(quoting Ex parte Harold L. Martine Distrib. Co., 769 So. 2d 313, 314 (Ala.
2000)) (internal quotation marks omitted). 5 The duty of a premises owner to an
injured person depends on the status of the injured person in relation to the owner’s
property. Galaxy Cable, Inc. v. Davis, 58 So. 3d 93, 98 (Ala. 2010). In this case,
Ms. Johnson was a business invitee when she fell at the restaurant. See Jones Food
Co. v. Shipman, 981 So. 2d 355, 361 (Ala. 2006) (“Under Alabama law, a person
invited onto another’s premises for commercial purposes is an invitee.”) (citing Ex
parte Mountain Top Indoor Flea Market, Inc., 699 So. 2d 158, 161 (Ala. 1997)).
“[A] landowner owes an invitee the duty to keep the premises in a
reasonably safe condition and, if the premises are unsafe, to warn of hidden defects
and dangers that are known to the landowner but that are hidden or unknown to the
invitee.” Galaxy Cable, 58 So. 3d at 98. “The entire basis of an invitor’s liability
rests upon his superior knowledge of the danger that causes the invitee’s injuries.
The parties do not dispute that Alabama law governs Ms. Johnson’s tort claims. Their position
is consistent with Alabama’s place of injury rule.
If that superior knowledge is lacking, as when the danger is obvious, the invitor
cannot be held liable.” Sessions, 842 So. 2d at 652.
a. Duty to Warn
It is well-settled that a wet floor inside a place of business like a restaurant
constitutes an unsafe condition for the business’s customers. See, e.g., Terrell v.
Warehouse Groceries, 364 So. 2d 675, 676 (Ala. 1978). Logan’s argues that Ms.
Johnson’s negligence claim fails as a matter of law because the water on the
restroom floor was open and obvious, and therefore, Logan’s did not have a duty to
warn Ms. Johnson of the standing water in its bathroom. (Doc. 23, pp. 14-17).
“[T]he owner of premises has no duty to warn an invitee of open and
obvious defects in the premises which the invitee is aware of, or should be aware
of, in the exercise of reasonable care on the invitee’s part.” Dolgencorp, Inc. v.
Taylor, 28 So. 3d 737, 742 (Ala. 2009) (quoting Mountain Top Indoor Flea
Market, 699 So. 2d at 161) (internal quotation marks omitted). In other words,
proof of an open and obvious hazard negates an invitor’s duty to warn an invitee of
the hazard. See Sessions, 842 So. 2d at 652. Courts use an objective standard to
assess whether a hazard is open and obvious. See Dolgencorp, 28 So. 3d at 741-42
(noting that the question is whether the invitee should have observed the hazard,
not whether the invitee actually appreciated it). “[E]ach case must be examined in
light of its particular circumstances.” See Gray v. Mobile Greyhound Park, Ltd.,
370 So. 2d 1384, 1389 (Ala. 1979) (quoting Terrell v. Warehouse Groceries, 364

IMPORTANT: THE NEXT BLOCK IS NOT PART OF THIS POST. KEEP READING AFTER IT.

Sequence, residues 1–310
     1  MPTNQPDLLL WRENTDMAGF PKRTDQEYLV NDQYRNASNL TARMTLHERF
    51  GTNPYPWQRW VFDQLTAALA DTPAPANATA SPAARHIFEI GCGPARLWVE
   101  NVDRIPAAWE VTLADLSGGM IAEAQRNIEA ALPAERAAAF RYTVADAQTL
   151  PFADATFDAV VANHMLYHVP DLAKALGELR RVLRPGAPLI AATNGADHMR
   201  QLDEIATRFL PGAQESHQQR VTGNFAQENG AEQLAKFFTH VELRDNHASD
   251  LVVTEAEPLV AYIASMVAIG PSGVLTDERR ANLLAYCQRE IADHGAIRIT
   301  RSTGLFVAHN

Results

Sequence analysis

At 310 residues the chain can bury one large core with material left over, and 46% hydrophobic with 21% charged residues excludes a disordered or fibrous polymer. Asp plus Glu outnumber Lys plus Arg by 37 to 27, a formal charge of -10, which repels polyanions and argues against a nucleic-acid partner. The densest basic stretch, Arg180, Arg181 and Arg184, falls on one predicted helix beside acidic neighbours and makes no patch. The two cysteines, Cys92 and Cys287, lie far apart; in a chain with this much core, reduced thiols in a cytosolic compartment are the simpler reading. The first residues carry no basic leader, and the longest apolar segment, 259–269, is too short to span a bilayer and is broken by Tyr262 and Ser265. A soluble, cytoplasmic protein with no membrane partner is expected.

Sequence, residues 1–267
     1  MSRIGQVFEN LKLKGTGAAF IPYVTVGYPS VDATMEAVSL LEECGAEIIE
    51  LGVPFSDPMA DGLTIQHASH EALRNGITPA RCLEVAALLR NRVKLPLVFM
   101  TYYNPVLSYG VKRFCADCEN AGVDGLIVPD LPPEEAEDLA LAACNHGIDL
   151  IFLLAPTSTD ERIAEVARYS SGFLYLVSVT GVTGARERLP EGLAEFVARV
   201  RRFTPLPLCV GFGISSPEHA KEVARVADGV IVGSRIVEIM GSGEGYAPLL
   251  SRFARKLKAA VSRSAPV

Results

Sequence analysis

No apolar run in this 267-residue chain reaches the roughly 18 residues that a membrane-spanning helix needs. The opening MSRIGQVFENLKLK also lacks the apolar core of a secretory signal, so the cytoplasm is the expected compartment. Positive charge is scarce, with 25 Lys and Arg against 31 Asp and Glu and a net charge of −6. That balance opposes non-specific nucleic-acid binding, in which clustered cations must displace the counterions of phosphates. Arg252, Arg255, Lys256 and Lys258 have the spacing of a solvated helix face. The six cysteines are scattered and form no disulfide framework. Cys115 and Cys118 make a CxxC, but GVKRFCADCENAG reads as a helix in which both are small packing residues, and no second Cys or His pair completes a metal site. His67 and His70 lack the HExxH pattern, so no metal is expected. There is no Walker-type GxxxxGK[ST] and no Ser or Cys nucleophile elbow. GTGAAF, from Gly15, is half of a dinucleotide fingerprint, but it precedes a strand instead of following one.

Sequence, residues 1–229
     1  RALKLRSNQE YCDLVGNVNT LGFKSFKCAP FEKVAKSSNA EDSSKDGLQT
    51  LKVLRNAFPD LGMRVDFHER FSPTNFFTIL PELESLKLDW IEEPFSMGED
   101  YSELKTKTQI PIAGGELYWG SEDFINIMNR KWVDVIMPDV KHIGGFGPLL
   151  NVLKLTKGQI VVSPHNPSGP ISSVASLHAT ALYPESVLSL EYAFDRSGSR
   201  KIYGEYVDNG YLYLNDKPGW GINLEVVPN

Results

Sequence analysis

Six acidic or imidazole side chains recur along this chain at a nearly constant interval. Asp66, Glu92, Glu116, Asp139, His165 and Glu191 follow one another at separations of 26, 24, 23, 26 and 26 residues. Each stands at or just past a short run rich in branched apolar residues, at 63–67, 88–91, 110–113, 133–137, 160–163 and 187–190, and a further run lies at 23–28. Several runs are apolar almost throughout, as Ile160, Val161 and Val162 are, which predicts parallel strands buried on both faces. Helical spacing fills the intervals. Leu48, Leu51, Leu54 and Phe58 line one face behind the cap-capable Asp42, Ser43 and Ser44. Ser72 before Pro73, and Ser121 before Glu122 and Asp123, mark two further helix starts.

So. 2d 675, 677 (Ala. 1978) (internal quotation marks omitted)). Thus, the Court
must determine whether an objectively reasonable person in Ms. Johnson’s
circumstances would have noticed and appreciated the dangerousness of the water
on the restaurant’s restroom floor.
The material facts concerning the water on the restroom floor are these: Ms.
Johnson testified that there was between a quarter-inch to a half-inch of water
covering the restroom floor, that the water came over the sole of her boots, and that
she had to “slosh” through the water. Additionally, Ms. Johnson testified that she
took between two and three steps into the restroom before she slipped. (Doc. 32-1,
pp. 40-41). The record does not indicate how quickly Ms. Johnson entered the
restroom or how much time transpired between her first and third step. More
importantly, the record does not indicate whether the bottom of the restroom door
was low enough to move the water on the floor as the door opened, such that the
water would have been concealed from view until a person was fully inside the
restroom, beyond the door. Without knowing these facts, the Court cannot find as
a matter of law that an objectively reasonable person would have seen and
appreciated the danger that the water on the bathroom floor presented. See Ex
parte Kraatz, 775 So. 2d 801, 804 (Ala. 2000) (“Questions of openness and
obviousness of a defect or danger and of an [invitee’s] knowledge are generally not
to be resolved on a motion for summary judgment.”) (quoting Harding v. Pierce
Hardy Real Estate, 628 So. 2d 461, 463 (Ala. 1993) (internal quotation marks
omitted)); see also Kraatz, 775 So. 2d at 804 (“The variable factors which make
openness-and-obviousness under partial or poor light conditions a fact question not
appropriate for resolution by summary judgment are direction, level, color,
diffusion, shadows, and like qualities of light, as well as the other physical features
of the scene.”).
Logan’s cites Sheikh v. Lakeshore Foundation, 64 So. 3d 1055 (Ala. Civ.
App. 2010), to support its contention that water at a depth of between a quarterinch and a half-inch covering a restroom floor would be obvious to an objectively
The plaintiff in Sheikh “was exercising at Lakeshore’s
[physical rehabilitation] facility when he tripped over some cables on the floor and,
as a result, was injured.” Id. at 1057. “The cables were approximately three inches
above the floor and were being used to connect a wheelchair containing another
person who was also exercising to an exercise machine.” Id. The plaintiff asserted
a premises liability claim against the Lakeshore Foundation.
The trial court found that the hazard that the cables presented was open and